Belfast Telegraph

Sharon Owens: Why do those feckless single parents get so many benefits?

In 1979 there were 1.4m families in the UK headed by a lone parent, usually the mother. By 2003 this figure had risen to 3.2m. Nowadays, it's considered on a par with heresy to say a woman on her own cannot possibly raise a child or children well. But sadly the statistics tell us otherwise.

The children of single parents (in 90% of cases it's a single mother) are 60% more likely to die in infancy, and 100 times more likely to be killed (by a step-parent as opposed to a natural parent). Some 18% of children from single-parent homes have mental health issues (compared with 8% of the children of married parents), and 72% of them live in poverty.

Children from single parent homes are more likely to suffer from depression and they are more likely to turn to drugs, alcohol and underage sex, which in turn affects their schoolwork. Which of course makes them more likely to drop out of school, and so the cycle of poverty continues.

Boys and girls are equally affected, or so it seems. Teenage girls living in poverty know they will receive more money in benefits than they could ever earn, for example, in the catering industry or in hairdressing. So they are quite often determined to get pregnant as soon as they can, but they will choose not to live with the father of their child or children, as that might reduce the benefits they will be entitled to.

Teenage boys from low income backgrounds are far more likely to join gangs, take drugs and go to prison. And with primary schools, secondary schools and even Young Offender facilities mostly staffed by women, it is only in prison that many young men get to spend time and bond socially with other males. What a sad situation...

I'm not rushing to judge either single parents or, indeed, the children of single parents. My own parents split up when I was still in primary school, and even today, almost 30 years later, I still remember how embarrassed I felt. I began to suffer from panic attacks around that time, and I still have the odd 'wobble' whenever I feel overwhelmed or very tired.

And I do recall how stigmatised I felt, as if everyone was talking about my family behind my back. But I had two good parents, four devoted grandparents, I went to an excellent school, and I didn't have to pay to go to university, so I managed to achieve my goal of attending Art College.

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However, if you take a child whose mother got pregnant deliberately to access benefits, and then realised too late that it isn't all that much fun watching the Jeremy Vile/Kyle Show in a freezing cold council flat - what hope have they got?

No strong role models for the boys and not many role models for the girls either, beyond following a well-beaten path down to the Housing Executive, and you can see how the situation is getting completely out of hand.

Who do I blame? I blame government policy over the last 20 years, fair and square.

They took away the vast majority of blue-collar jobs. They told young people to train for white-collar jobs and then they failed to provide those either.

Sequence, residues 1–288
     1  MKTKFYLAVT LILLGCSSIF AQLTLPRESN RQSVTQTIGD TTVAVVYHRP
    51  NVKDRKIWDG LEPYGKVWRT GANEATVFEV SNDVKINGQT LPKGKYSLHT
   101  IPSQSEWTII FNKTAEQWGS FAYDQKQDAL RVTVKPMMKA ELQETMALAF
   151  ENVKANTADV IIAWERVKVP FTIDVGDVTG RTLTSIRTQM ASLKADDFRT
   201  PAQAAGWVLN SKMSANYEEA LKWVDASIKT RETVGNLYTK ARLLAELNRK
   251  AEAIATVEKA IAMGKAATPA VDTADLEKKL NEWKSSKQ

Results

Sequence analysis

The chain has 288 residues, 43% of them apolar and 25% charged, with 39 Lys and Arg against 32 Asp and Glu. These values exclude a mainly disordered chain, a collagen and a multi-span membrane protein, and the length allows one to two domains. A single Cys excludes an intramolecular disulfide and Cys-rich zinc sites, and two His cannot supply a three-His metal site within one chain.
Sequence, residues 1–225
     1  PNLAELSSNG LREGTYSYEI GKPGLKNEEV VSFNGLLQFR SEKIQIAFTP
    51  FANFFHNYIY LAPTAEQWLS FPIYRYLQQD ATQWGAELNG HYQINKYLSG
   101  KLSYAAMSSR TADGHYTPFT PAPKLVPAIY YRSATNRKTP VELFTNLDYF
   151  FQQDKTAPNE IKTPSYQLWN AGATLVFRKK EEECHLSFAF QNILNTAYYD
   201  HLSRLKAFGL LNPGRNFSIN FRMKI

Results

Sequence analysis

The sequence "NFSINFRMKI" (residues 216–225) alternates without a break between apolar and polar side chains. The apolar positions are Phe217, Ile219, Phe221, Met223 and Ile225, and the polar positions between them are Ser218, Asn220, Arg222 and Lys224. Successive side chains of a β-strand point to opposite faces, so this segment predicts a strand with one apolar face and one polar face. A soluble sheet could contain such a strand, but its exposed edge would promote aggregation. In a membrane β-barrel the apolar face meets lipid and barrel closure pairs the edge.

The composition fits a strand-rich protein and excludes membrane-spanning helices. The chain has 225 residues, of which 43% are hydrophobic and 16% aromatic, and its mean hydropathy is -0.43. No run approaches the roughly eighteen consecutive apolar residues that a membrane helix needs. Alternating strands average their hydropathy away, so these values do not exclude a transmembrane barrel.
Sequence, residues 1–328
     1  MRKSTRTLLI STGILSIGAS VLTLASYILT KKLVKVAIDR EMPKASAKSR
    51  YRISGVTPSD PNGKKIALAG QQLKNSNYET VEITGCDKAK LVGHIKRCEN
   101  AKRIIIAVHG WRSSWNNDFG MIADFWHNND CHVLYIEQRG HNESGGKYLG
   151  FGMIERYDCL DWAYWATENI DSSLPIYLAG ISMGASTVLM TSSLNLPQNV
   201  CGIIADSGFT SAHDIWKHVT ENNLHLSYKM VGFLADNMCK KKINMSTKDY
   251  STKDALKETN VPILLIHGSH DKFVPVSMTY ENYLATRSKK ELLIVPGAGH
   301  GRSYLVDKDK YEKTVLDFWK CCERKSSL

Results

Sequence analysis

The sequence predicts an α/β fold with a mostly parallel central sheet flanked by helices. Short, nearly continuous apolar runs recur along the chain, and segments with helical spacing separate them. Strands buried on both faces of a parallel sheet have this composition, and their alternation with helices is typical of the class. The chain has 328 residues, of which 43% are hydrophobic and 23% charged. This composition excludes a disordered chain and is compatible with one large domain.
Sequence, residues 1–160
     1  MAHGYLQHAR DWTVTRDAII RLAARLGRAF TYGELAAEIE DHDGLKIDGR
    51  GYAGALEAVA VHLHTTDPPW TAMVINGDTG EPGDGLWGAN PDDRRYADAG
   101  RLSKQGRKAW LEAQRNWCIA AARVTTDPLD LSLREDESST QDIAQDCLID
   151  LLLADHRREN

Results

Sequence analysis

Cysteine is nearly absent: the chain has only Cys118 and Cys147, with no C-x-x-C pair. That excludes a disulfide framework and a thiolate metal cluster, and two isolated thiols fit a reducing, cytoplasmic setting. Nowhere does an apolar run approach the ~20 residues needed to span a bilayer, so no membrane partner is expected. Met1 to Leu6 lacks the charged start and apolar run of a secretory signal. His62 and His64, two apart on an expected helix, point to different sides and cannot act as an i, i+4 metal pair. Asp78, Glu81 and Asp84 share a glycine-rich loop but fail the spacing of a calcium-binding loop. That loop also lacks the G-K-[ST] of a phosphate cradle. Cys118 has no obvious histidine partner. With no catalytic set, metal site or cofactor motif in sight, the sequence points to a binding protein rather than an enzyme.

They told young women that they didn't need husbands, or hands-on fathers for their children. They built great ugly housing estates where people became mere statistics. They allowed schools to become almost exclusively staffed by females so that even there the boys had no role models.

Finally they allowed, indeed they encouraged, a sense of personal pride to fade away - and be replaced with a sort of mass panic over state benefits, and how to gain access to them.

It's obvious now, in hindsight, that if hundreds of thousands of teenage girls are hoping to move into social housing by the age of 16, then literally millions of new homes are needed urgently. And don't forget the hundreds of thousands of teenage boys who are neither in relationships nor employment - they will also require a roof over their heads. But where is the land going to come from? And who is going to pay for these millions of new houses?

Certainly not Mr and Mrs Taxpayer who are already livid at the cost of putting their own children through university - with fees possibly set to rise to as much as £5k per year. Not to mention the cost of keeping their elderly parents in a private nursing home!

It's hard enough to bring up a child when you're happily married, in gainful employment, and own a nice little house with central heating. God only knows how these so-called "benefit scroungers" cope with only loose change in their pockets, and nobody to help them when a baby is ill or behaving badly at school.

Is it time to announce an end to automatic housing benefits for teenage mums? Indeed, is it time to inform all NEETS (Not in Employment, Education or Training) that they'll be joining the army now, whether they like it or not?

At least it might make some teenagers stop and think before they hurl themselves onto the conveyor belt of a wasted life of poverty and crime. There's no point in coming over all socialist and shouting "Power to the people!" Too many of the "People" are sitting in dreary council flats, smoking cigarettes and drinking cider to blot out the misery.

It's the babies I feel sorry for.


From Belfast Telegraph